Purpose: This study (a) assessed quality of life (QoL) in a patient sample with severe mental illness in an integrated psychiatric care (IC) programme in selected regions in Germany, (b) compared QoL among diagnostic groups and (c) identified socio-demographic, psychiatric anamnestic and clinical characteristics associated with QoL.
Methods: This cross-sectional study included severely mentally ill outpatients with substantial impairments in social functioning. Separate dimensions of QoL were assessed with the World Health Organisation’s generic 26-item quality of life (WHOQOL-BREF) instrument. Descriptive analyses and analyses of variance (ANOVAs) were conducted for the overall sample as well as for diagnostic group.
Results: A total of 953 patients fully completed the WHOQOL-BREF questionnaire. QoL in this sample was lower than in the general population (mean 34.1; 95% confidence interval (CI) 32.8 to 35.5), with the lowest QoL in unipolar depression patients (mean 30.5; 95% CI 28.9 to 32.2) and the highest in dementia patients (mean 53.0; 95% CI 47.5 to 58.5). Main psychiatric diagnosis, living situation (alone, partner/relatives, assisted), number of disease episodes, source of income, age and clinical global impression (CGI) scores were identified as potential predictors of QoL, but explained only a small part of the variation.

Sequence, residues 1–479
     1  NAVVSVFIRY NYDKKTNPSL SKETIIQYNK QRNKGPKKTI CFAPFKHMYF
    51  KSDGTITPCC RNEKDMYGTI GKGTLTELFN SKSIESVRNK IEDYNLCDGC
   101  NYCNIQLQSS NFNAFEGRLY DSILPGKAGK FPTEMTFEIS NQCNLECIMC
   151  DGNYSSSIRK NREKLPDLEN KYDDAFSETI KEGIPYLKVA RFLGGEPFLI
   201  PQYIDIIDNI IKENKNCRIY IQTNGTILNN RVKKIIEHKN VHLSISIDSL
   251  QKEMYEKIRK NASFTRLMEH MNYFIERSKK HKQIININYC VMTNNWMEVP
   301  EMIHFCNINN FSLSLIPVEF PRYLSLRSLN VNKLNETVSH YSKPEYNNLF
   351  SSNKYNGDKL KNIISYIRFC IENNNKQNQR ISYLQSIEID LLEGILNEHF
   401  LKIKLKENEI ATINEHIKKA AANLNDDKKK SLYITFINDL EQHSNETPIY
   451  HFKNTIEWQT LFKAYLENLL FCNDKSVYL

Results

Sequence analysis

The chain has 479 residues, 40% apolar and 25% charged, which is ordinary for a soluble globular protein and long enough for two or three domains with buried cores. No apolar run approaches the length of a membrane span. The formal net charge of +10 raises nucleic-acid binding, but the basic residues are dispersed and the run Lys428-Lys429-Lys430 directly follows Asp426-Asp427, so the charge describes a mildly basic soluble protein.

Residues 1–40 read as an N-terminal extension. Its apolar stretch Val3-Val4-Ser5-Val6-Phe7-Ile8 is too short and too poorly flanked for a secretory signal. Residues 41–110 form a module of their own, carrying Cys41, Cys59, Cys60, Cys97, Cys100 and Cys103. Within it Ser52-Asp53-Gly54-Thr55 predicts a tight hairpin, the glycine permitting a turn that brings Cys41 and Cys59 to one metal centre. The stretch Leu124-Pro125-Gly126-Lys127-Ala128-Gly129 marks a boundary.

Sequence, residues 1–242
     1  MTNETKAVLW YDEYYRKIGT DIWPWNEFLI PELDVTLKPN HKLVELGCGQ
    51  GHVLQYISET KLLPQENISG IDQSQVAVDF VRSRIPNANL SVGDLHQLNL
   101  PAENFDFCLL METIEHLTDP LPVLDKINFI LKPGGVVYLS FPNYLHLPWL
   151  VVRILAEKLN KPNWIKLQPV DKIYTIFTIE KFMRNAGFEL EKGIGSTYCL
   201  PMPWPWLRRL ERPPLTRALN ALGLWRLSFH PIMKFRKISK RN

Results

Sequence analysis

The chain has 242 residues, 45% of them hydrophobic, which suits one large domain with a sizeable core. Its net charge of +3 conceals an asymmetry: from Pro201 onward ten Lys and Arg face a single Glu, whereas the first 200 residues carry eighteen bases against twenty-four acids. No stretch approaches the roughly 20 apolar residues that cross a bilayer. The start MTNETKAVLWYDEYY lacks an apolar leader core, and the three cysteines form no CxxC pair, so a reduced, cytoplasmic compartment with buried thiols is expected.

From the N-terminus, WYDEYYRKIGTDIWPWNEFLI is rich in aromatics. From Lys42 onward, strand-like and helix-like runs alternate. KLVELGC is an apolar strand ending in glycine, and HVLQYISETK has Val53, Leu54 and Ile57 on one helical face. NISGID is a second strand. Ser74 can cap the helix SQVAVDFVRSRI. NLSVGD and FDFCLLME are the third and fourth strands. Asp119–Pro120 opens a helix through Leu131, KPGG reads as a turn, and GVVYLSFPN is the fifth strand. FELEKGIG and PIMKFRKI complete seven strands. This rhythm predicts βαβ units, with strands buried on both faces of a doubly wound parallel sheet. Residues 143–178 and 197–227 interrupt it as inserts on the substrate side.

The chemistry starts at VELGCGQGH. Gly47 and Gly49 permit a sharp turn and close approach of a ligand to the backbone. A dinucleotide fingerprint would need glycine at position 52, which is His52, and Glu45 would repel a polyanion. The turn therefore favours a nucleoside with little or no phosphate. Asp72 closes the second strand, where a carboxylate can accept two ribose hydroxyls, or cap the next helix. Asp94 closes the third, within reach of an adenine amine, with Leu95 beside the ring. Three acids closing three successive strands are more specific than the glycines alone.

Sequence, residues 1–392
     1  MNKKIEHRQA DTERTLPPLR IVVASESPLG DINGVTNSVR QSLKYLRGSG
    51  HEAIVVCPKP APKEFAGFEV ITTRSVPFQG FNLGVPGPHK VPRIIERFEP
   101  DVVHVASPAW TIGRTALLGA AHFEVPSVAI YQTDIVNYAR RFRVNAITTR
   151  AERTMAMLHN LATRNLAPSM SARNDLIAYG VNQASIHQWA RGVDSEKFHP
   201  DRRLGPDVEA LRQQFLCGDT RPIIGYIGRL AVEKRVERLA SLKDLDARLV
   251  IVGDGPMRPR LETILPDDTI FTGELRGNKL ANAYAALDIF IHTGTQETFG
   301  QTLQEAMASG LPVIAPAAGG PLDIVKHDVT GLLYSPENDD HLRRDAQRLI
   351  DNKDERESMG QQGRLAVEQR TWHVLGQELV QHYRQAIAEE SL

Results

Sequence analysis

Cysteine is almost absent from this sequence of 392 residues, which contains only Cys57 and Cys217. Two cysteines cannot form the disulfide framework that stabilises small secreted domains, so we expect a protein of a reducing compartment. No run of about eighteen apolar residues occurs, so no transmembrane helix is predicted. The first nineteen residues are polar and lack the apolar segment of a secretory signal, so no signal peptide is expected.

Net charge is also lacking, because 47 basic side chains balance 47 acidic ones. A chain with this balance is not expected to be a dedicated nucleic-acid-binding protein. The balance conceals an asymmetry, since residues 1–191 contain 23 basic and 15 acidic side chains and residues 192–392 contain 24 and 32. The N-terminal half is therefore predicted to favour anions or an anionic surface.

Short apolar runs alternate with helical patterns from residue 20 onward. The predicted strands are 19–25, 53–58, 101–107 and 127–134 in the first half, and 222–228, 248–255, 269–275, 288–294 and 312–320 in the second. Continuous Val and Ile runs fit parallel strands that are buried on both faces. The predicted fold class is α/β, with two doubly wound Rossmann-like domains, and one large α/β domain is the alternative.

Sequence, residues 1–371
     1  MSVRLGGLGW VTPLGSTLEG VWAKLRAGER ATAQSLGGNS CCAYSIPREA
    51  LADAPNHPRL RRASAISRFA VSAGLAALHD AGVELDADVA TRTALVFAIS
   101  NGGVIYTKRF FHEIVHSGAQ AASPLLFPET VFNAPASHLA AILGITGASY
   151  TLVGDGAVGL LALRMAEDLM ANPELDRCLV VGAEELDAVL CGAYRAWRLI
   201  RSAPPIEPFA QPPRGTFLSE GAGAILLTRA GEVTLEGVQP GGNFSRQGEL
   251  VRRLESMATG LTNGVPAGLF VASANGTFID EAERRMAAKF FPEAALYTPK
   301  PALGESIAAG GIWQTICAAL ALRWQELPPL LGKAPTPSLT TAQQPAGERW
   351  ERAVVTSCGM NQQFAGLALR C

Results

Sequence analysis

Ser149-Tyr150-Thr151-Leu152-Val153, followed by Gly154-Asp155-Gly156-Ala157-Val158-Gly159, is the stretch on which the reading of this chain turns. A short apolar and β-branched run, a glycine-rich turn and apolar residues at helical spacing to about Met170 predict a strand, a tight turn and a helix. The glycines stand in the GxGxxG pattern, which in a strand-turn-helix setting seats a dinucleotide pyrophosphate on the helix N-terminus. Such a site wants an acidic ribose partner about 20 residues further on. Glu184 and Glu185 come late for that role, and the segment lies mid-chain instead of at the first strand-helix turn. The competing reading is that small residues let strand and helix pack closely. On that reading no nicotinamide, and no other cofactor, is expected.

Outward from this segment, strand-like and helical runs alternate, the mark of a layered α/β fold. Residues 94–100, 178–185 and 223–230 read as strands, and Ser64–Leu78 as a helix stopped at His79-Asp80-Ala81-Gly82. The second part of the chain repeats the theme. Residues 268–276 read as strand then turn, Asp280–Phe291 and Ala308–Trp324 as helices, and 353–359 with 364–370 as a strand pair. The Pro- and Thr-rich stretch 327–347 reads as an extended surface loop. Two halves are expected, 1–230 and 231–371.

Conclusion: Aspects of health care that increase QoL despite the presence of a mental disorder are essential for severely mentally ill patients, as complete freedom from the disorder cannot be expected. QoL as a patient-centred outcome should be used as only one component among the recovery measures evaluating treatment outcomes in mental health care.